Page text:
Clean Surface produces DioXice dry ice pellets in their Leicester facility from liquid CO2. The pellets used for blasting purposes are 3 mm diameter, but start out as long strands as they exit the extrusion die.
First, liquid CO2 is allowed to decompress into CO2 snow in a cylinder behind the extrusion die. A hydraulic ram then pushes the snow through the die and compacts it into solid dry ice.
Dry ice is a very weak material so when it comes out of the die it soon breaks up as it falls into the insulated transport container, which placed under the die.
|325 kg Dry Ice Insulated Container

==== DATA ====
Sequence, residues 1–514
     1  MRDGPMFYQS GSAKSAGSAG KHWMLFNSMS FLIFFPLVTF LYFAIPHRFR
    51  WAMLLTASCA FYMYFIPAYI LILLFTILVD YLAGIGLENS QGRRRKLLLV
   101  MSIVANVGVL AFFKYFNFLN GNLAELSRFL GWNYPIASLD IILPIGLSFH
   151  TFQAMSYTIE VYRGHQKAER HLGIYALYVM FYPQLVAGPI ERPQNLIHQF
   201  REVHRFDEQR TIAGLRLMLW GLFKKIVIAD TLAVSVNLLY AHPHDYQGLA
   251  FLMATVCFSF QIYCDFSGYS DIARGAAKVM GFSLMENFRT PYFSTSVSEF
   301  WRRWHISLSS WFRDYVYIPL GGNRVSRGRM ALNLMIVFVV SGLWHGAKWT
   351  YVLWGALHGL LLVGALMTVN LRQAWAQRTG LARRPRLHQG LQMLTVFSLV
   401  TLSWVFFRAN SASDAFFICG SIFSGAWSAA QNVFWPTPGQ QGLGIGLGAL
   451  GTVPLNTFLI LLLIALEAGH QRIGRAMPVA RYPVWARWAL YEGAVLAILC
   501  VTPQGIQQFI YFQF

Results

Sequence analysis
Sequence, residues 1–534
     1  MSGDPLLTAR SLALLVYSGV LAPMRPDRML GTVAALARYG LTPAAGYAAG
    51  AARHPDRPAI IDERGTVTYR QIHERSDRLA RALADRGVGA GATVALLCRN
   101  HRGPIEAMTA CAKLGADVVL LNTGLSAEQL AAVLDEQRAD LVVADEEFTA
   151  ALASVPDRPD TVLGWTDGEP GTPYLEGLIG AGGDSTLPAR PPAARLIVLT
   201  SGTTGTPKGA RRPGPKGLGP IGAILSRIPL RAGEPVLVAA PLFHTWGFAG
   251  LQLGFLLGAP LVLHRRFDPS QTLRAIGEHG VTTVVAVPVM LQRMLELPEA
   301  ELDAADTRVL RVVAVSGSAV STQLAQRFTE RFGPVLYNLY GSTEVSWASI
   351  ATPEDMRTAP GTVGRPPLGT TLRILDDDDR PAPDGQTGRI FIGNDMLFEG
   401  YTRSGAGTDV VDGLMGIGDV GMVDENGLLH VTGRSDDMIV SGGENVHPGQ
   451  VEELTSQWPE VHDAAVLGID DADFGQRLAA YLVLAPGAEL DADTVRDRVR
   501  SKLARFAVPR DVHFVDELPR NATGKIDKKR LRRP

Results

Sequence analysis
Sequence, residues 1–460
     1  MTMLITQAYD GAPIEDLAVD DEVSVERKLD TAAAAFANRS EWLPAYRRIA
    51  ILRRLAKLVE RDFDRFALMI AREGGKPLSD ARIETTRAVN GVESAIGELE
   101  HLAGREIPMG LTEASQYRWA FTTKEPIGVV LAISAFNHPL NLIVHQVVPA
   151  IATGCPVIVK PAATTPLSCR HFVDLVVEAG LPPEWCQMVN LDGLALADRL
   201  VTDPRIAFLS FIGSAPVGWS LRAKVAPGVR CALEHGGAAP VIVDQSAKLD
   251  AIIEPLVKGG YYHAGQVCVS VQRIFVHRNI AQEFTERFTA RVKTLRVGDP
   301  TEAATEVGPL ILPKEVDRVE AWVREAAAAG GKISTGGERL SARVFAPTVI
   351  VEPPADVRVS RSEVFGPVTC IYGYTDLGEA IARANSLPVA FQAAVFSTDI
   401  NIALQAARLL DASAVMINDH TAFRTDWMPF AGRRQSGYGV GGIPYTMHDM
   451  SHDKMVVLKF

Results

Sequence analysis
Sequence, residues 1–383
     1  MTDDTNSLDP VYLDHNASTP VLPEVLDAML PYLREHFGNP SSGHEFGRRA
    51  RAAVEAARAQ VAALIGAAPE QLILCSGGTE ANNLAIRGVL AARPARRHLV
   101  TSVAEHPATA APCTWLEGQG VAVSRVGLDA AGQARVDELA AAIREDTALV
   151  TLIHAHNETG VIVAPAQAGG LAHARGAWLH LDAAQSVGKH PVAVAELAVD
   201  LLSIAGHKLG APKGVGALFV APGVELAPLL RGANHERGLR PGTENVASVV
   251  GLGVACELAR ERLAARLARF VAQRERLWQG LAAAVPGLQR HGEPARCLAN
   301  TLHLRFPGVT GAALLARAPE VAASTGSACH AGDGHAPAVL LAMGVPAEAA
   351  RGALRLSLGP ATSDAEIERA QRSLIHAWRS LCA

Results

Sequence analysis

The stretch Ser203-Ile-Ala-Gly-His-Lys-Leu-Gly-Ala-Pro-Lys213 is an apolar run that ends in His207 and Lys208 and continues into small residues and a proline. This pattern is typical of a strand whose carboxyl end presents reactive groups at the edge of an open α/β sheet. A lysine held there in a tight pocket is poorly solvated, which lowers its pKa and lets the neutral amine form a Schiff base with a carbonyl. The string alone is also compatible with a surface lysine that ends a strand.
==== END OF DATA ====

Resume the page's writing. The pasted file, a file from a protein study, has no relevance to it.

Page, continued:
Dry ice is unstable under ambient conditions and will, from the moment it is produced, do its best to return to CO2 gas. This is called sublimation, which is a particular characteristic of Carbon Dioxide, and it means that there is no liquid phase when a solid “melts”. It simply sublimes directly from a solid into a gas, and this is why dry ice can be used as a cleaning agent.
The immediate sublimation of dry ice means that it must be stored in a way that prevents its sublimation as much as possible. It can be kept indefinitely at 18 bar or below –78.6 deg C, but unfortunately either is impracticable, especially during transport.
When packed in well insulated containers a shelf life between one and two weeks can be achieved. The actual time will depend on the ambient temperature, how often the box is opened and the rate of use. A good guide is don’t expect more than a week in summer, but in winter it will be more.